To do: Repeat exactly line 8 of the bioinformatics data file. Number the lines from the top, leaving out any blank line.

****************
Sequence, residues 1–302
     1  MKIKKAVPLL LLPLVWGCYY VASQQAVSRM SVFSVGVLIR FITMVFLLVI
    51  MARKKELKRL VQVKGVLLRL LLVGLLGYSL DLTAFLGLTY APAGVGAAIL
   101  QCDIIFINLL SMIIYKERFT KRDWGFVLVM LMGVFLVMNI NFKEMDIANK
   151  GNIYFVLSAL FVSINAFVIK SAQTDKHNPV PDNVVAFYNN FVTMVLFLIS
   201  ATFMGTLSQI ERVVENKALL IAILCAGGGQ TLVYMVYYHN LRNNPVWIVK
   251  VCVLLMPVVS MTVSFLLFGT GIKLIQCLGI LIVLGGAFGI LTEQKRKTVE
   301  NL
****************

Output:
   301  NL